Sharing different feelings towards the French than the province, locals in Mu Cang Chai were mainly neutral or supportive of the foreign occupation. The Yen Bai Uprising of 1930 was a major clash between local and foreign forces with many dying on both sides. However, the conflict seemed to remain mostly outside the area due to the local Hmong people having a friendly reputation amongst the French.
For thousands of years, the Hmong people have lived in the area around Mu Cang Chai District. In fact, it was the Hmong people who developed agriculture in the district by using the landscape to transport water to the terraces. Using bamboo and taking water from the mountain slopes, the cultivation of rice has become an important part of the district’s history and identity.
A dominating feature within Mu Cang Chau’s landscape, the terraced rice fields are the districts’ top attraction. Other features in the district include the Rung Truc Mu (Rừng Trúc Mù) Bamboo Forest, Kim Noi Village, Khau Pha (Khau Phạ) Pass, and Mo Waterfall. Travelers in the area can visit these destinations solo or hire a local guide in Mu Cang Chai Town.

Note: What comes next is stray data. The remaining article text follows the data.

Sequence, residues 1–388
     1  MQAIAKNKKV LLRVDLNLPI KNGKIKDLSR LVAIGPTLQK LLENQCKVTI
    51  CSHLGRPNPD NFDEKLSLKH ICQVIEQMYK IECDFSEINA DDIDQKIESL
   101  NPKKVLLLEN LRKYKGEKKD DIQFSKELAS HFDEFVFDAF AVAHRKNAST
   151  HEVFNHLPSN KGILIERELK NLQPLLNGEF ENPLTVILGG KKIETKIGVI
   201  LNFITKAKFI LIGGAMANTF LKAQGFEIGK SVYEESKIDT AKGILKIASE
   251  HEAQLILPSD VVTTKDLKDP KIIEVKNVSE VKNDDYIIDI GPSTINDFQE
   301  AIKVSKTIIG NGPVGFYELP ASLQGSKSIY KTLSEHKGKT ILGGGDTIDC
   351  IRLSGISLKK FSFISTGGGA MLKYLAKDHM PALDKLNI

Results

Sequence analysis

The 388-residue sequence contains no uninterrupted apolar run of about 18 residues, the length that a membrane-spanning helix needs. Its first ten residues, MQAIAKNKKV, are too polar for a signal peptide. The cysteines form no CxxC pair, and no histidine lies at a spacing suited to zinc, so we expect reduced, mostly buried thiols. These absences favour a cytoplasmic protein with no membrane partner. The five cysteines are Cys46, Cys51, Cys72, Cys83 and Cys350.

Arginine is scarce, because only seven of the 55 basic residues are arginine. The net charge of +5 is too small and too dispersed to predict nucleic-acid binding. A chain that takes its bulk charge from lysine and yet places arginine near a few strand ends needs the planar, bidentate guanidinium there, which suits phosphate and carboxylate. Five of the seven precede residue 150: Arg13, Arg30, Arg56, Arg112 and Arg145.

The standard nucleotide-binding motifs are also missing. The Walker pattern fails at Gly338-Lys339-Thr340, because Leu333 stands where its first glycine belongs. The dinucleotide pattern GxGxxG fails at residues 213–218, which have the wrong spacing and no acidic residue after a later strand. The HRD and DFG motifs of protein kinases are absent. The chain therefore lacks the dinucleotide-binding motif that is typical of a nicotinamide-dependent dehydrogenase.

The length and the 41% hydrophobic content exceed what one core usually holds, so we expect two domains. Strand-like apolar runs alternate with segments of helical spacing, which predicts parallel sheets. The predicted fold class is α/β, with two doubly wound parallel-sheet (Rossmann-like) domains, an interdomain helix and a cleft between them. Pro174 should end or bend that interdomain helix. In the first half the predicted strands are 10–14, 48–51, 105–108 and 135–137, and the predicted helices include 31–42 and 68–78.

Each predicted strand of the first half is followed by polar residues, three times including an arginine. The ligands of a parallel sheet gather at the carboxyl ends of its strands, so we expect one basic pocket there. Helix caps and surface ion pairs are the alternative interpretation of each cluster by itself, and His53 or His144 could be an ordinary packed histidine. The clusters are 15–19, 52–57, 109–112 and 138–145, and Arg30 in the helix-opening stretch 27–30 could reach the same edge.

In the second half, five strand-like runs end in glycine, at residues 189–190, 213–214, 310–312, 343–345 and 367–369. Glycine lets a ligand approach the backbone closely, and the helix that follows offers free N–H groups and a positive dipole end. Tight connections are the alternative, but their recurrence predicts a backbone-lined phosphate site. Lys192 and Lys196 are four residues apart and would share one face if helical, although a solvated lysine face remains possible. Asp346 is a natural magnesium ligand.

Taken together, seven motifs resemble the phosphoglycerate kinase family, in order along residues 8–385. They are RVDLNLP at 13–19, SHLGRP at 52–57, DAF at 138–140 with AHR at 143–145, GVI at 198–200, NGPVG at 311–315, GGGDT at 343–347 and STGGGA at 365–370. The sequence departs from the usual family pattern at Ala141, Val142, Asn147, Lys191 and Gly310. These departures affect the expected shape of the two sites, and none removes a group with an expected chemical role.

Rung Truc Mu Bamboo Forest
In the mountain forests around Mu Cang Chai, one of the most impressive sights is the bamboo at Rung Truc Mu. Filling an entire forest and stretching towards the sky, Rung Truc Mu is a popular hiking and photography spot. Clear-cut paths take visitors safely through the bamboo with many walkways interlinking with each other. Resting points along the way are great for picnics or a quick photoshoot.
With mountains in the backdrop and green terraces at the forefront, the rice fields of Mu Cang Chai are famous for their beauty, history, and culture. What most tourists may not know is that there is more than one field and one main area of fields. Rather, tourists can book a full-day tour of the rice terraces at Mu Cang Chai.
The highest terraced hill is called Che Cu Nha and it is about 35 km (22 mi) outside of Mu Cang Chai Town. Travelers who want the best viewpoint of Che Cu Nha can take a hike up a short, but steep hill to reach a panoramic overlook of the terraces.